- Anzac Day Football. Although football had been played on Anzac Day for a number of years, the match between Collingwood and Essendon did not become a standard recurrence until 1995. When Collingwood and Essendon first squared off against each other, it was not uncommon for AFL matches to occur on Anzac Day, as donations from the day went to benefit the RSL. However, after that first match between the classic rivals, it became clear that this annual match was a special way to pay tribute to the values of Anzac Day; while deployed across the globe, football played by Anzac soldiers as a way to sharpen their skills, keep up good humour, and forge better connections with one another. That same vein of spirit, courage, mateship, and fairness runs throughout the day, at the end of the annual match, the Anzac medal is awarded to the player who best demonstrates these highly valued Australian qualities.
- Catafalque parties. A catafalque is a raised structure that holds a coffin. At a funeral as a sign of respect, four soldiers would stand about a meter away from the catafalque, facing in four different directions, with their heads lowered and weapons held at reverse. Mourners would pass by to say farewell to the departed. On Anzac Day, you may see soldiers standing in such a position again as a sign of tribute.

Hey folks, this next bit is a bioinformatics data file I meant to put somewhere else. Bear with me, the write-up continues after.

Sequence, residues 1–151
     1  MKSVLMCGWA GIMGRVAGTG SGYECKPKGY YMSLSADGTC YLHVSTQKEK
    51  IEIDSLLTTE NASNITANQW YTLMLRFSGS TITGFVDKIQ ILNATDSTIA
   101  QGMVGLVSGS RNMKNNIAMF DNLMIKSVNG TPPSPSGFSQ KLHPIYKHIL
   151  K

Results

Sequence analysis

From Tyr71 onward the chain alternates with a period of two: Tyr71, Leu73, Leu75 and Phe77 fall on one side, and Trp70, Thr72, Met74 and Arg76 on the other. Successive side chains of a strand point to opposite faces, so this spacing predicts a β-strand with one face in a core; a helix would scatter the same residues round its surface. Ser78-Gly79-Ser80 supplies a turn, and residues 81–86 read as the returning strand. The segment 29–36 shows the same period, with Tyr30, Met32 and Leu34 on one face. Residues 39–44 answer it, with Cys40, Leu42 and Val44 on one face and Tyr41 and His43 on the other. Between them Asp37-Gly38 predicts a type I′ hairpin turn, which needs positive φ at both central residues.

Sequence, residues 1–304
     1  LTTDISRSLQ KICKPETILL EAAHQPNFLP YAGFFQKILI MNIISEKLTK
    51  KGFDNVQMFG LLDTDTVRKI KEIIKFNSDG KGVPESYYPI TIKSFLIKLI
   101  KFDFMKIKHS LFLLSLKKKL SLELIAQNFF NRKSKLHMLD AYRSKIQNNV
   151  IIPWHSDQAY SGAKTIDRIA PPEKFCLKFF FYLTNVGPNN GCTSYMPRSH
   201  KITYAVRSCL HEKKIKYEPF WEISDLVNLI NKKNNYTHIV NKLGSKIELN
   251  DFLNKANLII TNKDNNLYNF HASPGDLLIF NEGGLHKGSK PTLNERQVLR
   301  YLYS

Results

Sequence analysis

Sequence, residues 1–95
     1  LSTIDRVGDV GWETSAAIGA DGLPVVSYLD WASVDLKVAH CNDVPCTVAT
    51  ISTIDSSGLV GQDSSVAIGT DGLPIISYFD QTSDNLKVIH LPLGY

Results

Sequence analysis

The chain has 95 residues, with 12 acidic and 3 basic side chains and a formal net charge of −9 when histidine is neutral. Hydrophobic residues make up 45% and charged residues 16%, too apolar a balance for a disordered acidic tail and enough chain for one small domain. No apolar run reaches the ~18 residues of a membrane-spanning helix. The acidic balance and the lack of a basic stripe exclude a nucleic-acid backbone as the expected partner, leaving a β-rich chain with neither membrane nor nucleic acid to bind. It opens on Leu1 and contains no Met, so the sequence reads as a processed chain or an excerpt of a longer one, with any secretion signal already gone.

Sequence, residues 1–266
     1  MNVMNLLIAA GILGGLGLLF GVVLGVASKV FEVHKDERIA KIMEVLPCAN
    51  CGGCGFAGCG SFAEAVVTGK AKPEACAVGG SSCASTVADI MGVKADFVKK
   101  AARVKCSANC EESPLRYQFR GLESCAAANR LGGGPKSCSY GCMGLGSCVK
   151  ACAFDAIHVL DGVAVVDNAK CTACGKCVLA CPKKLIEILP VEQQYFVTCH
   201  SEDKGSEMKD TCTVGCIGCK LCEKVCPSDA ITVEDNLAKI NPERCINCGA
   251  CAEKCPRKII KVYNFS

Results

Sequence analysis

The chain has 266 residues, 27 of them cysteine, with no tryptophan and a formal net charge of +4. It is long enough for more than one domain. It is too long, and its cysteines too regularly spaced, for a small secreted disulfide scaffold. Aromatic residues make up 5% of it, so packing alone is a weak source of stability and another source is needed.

- Anzac Biscuits. These treats had a very practical beginning. During the First World War, the friends and families of soldiers would send care packages overseas. Since any food they could send had to be resistant to spoilage and full of nutrition, a biscuit made from rolled oats, sugar, flour, coconut, butter, and a few other ingredients became a popular pastry to pack in boxes. To this day, Anzac biscuits are one of the few product approved to bare the Anzac acronym, which is protected by Federal Legislation.
Some popular locations for Anzac Day commemorations
- The Australian War Memorial: Located in the capital at Canberra, the Australian War Memorial hosts one of the largest Anzac Day commemoration in the country. In fact, there are even activities taking place on the days before and after. The Memorial hosts its own Dawn Service, a national ceremony featuring a march of veterans and peacekeepers, and exhibits throughout the weekend.